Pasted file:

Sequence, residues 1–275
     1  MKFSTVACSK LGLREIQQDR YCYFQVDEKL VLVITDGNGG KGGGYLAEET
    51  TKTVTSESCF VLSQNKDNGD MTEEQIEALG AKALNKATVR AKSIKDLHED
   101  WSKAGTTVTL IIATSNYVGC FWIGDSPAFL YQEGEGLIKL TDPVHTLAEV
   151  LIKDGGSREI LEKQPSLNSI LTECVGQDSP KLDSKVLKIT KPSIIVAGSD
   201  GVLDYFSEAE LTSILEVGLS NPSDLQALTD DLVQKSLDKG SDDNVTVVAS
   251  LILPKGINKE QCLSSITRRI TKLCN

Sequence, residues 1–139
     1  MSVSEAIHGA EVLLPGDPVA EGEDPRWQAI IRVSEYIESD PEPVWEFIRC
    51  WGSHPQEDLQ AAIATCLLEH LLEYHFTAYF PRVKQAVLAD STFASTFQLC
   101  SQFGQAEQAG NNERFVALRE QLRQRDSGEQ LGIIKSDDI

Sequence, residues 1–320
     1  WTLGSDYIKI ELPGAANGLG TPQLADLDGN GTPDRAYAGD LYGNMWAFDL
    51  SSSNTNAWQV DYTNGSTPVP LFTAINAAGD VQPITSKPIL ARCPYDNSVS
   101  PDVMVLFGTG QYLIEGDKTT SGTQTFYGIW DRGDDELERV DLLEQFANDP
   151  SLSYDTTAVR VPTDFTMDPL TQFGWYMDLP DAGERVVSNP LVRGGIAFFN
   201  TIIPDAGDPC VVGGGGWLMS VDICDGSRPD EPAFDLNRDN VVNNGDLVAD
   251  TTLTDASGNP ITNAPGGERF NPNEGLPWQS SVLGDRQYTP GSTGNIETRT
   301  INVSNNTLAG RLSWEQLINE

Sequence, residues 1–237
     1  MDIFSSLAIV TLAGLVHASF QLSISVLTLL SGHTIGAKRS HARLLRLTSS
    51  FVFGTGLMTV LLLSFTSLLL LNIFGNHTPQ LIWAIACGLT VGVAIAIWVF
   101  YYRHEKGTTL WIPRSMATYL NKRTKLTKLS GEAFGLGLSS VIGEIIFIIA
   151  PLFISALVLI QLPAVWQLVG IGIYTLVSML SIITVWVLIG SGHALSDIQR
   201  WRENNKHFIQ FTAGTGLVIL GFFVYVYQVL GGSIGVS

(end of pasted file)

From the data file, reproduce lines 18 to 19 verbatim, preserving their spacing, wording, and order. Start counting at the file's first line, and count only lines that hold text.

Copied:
   251  TTLTDASGNP ITNAPGGERF NPNEGLPWQS SVLGDRQYTP GSTGNIETRT
   301  INVSNNTLAG RLSWEQLINE